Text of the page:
“From business leaders and from friends, I’ve never had a better reception to anything I’ve ever said,” Medline said of the speech. “I felt that something had to be said, and I said it. It got more attention than maybe I thought, which I’m glad of.”

One of the people who noticed was NDP Leader Jagmeet Singh, who observed on Twitter that Medline’s $8.65-million total compensation in 2022 represented a 15 per cent raise over 2021. “Did workers at his stores get a 15 per cent raise? No. Instead, he took away their hero pay during the pandemic,” Singh said, referencing the scandal of June 2020 that pushed Ottawa to change federal protections for workers.

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“Look, I guess he has a job to do and a narrative to present,” Medline said in response.

However, Medline acknowledged that his industry’s reputation has taken a beating through several rounds of controversy, including Hero Pay and the protracted government campaign to stop grocers from using their market power to squeeze suppliers — a process that Medline has publicly supported. He said it’s understandable that, in periods of high inflation and economic uncertainty, that retailers that consumers visit most often end up the most questions about the cost of goods.

“I get it. Obviously I don’t think it’s fair in most cases. But I respect it and people can have their opinions and if it makes us a little sharper, and we can do even better, that’s great,” he said. “I would ask, probably, if I had the ask, that people not just read little tweets or social media posts, but look behind it to see what’s actually going on.”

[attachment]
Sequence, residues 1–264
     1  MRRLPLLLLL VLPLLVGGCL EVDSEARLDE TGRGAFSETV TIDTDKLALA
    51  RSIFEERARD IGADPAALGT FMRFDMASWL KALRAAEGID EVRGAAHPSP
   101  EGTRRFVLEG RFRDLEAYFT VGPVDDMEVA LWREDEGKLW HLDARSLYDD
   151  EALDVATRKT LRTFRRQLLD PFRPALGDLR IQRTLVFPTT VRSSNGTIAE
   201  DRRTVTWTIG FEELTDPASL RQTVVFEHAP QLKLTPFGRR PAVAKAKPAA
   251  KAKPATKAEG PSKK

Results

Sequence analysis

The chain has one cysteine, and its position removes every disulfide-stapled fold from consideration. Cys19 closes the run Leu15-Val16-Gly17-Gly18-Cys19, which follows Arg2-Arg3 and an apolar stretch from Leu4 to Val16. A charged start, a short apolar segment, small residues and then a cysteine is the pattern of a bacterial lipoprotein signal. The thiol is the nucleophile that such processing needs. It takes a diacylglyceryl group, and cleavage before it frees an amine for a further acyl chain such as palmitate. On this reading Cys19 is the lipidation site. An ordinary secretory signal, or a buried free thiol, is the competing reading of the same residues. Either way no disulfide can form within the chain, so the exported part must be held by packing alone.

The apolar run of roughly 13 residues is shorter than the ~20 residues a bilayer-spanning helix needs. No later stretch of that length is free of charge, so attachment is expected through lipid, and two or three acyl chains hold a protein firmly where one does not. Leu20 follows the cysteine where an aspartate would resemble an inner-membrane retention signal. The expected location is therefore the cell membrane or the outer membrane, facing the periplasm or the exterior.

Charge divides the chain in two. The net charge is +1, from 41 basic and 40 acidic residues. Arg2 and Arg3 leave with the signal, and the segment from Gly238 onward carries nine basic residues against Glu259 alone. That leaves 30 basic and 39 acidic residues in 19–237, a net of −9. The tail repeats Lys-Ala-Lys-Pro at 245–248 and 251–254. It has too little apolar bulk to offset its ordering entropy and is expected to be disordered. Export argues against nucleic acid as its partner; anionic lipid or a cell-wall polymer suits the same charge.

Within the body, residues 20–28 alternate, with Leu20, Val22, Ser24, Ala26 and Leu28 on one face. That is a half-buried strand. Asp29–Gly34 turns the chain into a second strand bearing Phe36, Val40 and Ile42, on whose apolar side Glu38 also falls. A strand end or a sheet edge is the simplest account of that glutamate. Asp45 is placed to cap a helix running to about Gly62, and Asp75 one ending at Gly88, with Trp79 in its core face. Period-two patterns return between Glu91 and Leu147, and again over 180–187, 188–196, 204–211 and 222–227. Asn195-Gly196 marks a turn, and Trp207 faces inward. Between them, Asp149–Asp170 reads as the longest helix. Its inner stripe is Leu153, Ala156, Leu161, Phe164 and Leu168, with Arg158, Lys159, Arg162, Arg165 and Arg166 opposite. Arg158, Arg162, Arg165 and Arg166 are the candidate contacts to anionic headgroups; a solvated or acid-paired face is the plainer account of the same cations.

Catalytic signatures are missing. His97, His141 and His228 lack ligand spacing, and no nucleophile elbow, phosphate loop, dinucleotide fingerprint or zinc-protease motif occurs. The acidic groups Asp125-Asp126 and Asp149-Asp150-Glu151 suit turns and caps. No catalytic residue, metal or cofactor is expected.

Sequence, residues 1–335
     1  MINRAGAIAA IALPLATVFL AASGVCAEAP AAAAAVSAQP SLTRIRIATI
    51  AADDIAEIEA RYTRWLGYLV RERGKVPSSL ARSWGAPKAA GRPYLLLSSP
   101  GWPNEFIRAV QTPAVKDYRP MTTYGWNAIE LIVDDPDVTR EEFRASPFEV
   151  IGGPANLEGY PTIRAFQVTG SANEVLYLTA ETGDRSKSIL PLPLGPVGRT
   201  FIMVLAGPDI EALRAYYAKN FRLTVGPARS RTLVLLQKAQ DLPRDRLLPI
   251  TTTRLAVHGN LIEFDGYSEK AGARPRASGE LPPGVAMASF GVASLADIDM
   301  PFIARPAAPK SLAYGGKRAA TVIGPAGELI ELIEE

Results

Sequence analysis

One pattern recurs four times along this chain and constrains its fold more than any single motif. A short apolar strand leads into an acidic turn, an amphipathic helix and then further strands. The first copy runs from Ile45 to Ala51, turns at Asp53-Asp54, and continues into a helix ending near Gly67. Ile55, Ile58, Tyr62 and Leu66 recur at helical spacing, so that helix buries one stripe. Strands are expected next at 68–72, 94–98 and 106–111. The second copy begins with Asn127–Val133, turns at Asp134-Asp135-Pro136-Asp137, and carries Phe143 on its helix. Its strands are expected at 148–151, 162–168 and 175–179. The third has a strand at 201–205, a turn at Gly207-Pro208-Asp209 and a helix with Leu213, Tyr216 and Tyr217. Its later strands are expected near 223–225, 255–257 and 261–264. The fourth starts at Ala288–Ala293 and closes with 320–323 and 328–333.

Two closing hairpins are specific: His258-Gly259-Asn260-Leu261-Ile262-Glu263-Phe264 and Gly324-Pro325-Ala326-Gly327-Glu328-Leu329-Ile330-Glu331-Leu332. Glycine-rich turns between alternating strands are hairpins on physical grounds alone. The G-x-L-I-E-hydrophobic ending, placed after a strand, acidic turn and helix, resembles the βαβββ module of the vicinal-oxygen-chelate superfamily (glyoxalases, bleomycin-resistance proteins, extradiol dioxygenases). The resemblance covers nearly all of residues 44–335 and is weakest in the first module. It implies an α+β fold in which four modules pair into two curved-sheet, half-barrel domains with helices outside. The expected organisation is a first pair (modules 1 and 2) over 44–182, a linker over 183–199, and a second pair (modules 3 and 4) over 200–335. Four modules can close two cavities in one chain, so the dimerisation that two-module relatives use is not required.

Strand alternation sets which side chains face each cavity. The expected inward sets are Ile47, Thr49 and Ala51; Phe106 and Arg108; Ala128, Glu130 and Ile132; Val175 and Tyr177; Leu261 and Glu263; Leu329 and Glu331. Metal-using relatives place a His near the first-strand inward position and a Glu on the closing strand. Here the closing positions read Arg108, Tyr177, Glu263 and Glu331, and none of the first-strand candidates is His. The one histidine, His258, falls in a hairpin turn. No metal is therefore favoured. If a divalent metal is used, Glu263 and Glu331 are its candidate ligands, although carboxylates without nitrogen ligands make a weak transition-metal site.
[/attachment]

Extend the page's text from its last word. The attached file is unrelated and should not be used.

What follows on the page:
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Canada’s top three grocers have said their higher profits and wider profit margins are coming from other factors and have nothing to do with the broader inflation story. For example, one common explanation is that pharmacy departments are benefiting from increased demand for high-margin health and beauty products, now that pandemic restrictions have been lifted and people are going back to offices and parties.

But accounting experts say it’s difficult to figure out whether those explanations are true using just the data included in public financial statements, leading to calls for a public inquiry into the source of the profits.

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“If we really want to get to the bottom of it, there needs to be some objective, third-party analysis,” Robin Shaban, a former officer at the Competition Bureau and co-founder of a think-tank called the Canadian Anti-Monopoly Projectsaid last week.

But Medline said the public financial statements of Empire and its main competitors are enough to prove there isn’t any profiteering going on. He also added that, in its most recent quarterly reportEmpire’s profit dipped by $1 million to $187.5 million.

“You can look at our numbers, and they tell the whole story,” he said. “We would be doing better, if not much better, without inflation.”